A word about price for jewelry making tools. You often don’t get what you don’t pay for. For example, a set of small needle files costs around $10 at places like Harbor Freight. A good set is more like $75. If you are serious about making quality jewelry buy the good set. When you start to use them, the difference is immediately obvious. And yes, many of the tools that I purchased at Harbor Freight, like metal cutting snips, tweezers and hammers work just fine.

            Another thing that I soon learned is that I couldn’t continue to listen to audiobooks while I worked. While doing wire-wrap I didn’t have to think very much, the designs and pieces just came out of my fingers. Doing even basic silversmithing takes focus. Using the right amount of heat and the shape of the torch flame is critical. Not enough heat and the solder doesn’t flow, too much heat and you get a blob of silver. Concentrating on only one thing at a time is necessary.

            A major tool that is very useful, difficult to do without, is a flex-shaft. It has a variable speed motor that is usually mounted high on a stand. There is a 3-foot flexible shaft from the motor to a handle with a keyed chuck. The chuck holds drill bits, grinding and polishing tools and various other implements. The motor speed is controlled by a foot pedal. A very handy implement that I added is a tool that vibrates and adds texture to silver. The quality of the foot speed controller is important. The one that came with the flex-shaft that I purchased was not sensitive enough for the slow speed required for drilling very small holes in silver. I had to purchase a different foot speed controller, about $40. Do your research before you buy.

            I found that I needed something to hold various tools like tweezers, steel files, marking pens, etc. I went to the local Lowes to find a holder of some kind. A very helpful person there made a suggestion. I cut a piece of one inch diameter PVC pipe to different lengths, about 4” to 10”. Attached together in an upright position they hold long, slender tools perfectly. You can attach the pieces together with strong tape but heavy nylon wire-ties work better.

            My shop is in a back room of our house. It has several windows with good, natural light. I have one of those very adjustable clamp-on lamps, I think it’s called an architects lamp. I also have a full spectrum floor lamp that peers over my left shoulder, directly lighting my work.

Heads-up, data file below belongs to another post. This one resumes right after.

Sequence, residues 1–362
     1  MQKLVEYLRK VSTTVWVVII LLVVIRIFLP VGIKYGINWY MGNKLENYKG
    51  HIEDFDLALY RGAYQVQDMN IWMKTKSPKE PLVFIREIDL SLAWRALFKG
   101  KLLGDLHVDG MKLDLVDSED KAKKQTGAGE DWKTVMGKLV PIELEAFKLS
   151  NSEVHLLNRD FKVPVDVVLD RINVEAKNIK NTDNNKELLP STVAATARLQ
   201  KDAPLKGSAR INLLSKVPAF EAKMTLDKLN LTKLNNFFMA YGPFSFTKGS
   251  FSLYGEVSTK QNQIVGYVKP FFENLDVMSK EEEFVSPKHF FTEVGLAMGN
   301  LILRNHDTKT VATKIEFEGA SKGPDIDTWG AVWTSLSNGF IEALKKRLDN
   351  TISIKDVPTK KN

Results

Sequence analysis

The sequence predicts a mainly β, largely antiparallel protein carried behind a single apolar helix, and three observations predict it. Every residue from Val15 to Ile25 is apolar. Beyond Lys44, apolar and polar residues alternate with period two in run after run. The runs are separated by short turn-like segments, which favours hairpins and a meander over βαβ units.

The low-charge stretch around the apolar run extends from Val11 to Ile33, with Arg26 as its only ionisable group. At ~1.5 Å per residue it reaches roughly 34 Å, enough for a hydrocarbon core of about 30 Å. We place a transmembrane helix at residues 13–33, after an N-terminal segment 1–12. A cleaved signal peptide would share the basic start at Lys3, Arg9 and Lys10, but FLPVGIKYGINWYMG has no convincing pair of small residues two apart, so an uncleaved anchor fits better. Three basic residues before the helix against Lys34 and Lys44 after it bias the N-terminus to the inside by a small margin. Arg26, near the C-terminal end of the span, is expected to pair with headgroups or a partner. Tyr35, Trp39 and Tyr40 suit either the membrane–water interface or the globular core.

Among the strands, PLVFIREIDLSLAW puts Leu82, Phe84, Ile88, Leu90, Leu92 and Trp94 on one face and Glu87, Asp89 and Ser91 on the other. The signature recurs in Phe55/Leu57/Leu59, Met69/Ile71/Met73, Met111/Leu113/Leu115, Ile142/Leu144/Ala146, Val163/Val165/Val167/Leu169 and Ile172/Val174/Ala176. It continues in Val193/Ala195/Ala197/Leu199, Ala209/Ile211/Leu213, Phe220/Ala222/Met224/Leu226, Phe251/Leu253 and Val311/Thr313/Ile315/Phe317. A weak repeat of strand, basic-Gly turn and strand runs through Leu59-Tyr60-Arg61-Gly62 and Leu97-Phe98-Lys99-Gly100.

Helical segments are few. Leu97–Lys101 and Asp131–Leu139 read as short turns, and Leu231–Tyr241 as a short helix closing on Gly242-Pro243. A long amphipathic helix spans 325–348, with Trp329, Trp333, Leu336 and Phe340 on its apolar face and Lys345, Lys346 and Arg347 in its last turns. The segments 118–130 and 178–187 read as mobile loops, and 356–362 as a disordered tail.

The work bench is an old, heavy desk similar to a teacher’s desk. A wide, flat surface with drawers on one side. I attached a piece of ¾” plywood two feet high in an L shape to make a small, 3’x 2’ two-sided wall. It sits toward the back of the table. Nails and screws strategically placed hold coils of silver wire and tools. It’s painted white, with outlines showing where things like hammers, snips, pliers, jewelers saw are hung. There is a bowl for quenching water, a slow-cooker for a pickling pot and a holder for the torch. Plastic containers for solder, small piles of sandpaper, polishing cloths, whatever are scattered but in easy reach. Okay, my workbench is a cluttered mess. It’s an organized mess and I know where everything is. It could be prettier but it’s where I find great joy and a fine sense of accomplishment.



Before jewelry was boatbuilding.

            Before I became captivated by designing and making jewelry I was obsessed with building wooden boats. In the mid 90’s I built a few small wooden boat models from kits. One evening I was working on one when my dear wife said something like, “Why don’t you build us a real one...ha, ha, ha.” Hmmm, I thought, why not. After some research, I ordered the plans for and completed a small wooden dory.

            That first boat was in some ways the most interesting and certainly the most challenging of all my boats. The advertisement for the plans clearly stated, “Comes with complete building instructions.” When I opened the plans, one 8½” x 11” hand written page came fluttering out. About 10 numbered steps were written on yellow lined paper, very elegant. They were the “complete” building instructions. To make it worse, the dimensions on the plans were in metric! But I was not discouraged. After much thinking, a lot of sweat and not too much blood I had a beautiful wooden dory. It not only looked great it rowed very well. I sold it to a coworker, I knew that I would be building more boats.

            When a friend saw the completed dory, he asked me to help him build a kayak from a kit that he had purchased. He had started it but soon realized that he needed help. It was an 18-foot sea kayak, a stable and comfortable boat. That was my first kayak. After that came more kayaks, three sailboats, two canoes and then more kayaks. I’ve completed 17 boats in all.

            My “shop” is a one car garage where I keep tools and a two-car carport where I build my boats. Except for mid-summer, working outside in Austin is generally pleasant.

I built a worktable on large rubber casters. It can be moved so that both cars can still park undercover. I take the table apart and store it in the garage when not in use.

            Most of the boats were sold, one I gave to a friend and one sailboat was such a bad design that I cut it up and it went to land fill. Four of the kayaks are in the garage or under the carport. The last one I built, a 14-footer is for sale. Contact me if you are interested.

            My wife and I enjoy kayaking and are paddling on local lakes most of the year. All of my kayaks are sit-inside. We wear a spray-skirt that keeps us mostly dry in a rain shower and keeps water out of the boat. It also keeps the sun off of our legs in the summer.

            I’m thinking about building one-more-boat. It will be a 17-foot sea kayak built with cedar strips. It’s similar to one that we have had for 20 years but will be lighter weight and even more beautiful.